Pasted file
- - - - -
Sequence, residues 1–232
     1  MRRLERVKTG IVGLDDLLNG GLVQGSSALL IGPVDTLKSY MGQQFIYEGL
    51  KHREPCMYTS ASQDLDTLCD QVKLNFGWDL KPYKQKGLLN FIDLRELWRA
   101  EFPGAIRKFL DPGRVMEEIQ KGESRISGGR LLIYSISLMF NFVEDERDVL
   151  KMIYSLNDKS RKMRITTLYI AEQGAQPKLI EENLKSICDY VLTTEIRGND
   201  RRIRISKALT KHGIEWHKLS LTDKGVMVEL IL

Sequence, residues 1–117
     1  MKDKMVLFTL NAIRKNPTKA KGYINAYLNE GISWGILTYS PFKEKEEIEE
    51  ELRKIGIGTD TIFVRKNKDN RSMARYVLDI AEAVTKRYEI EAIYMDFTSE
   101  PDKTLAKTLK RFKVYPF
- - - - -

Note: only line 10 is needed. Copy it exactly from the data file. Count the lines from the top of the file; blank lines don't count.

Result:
   101  PDKTLAKTLK RFKVYPF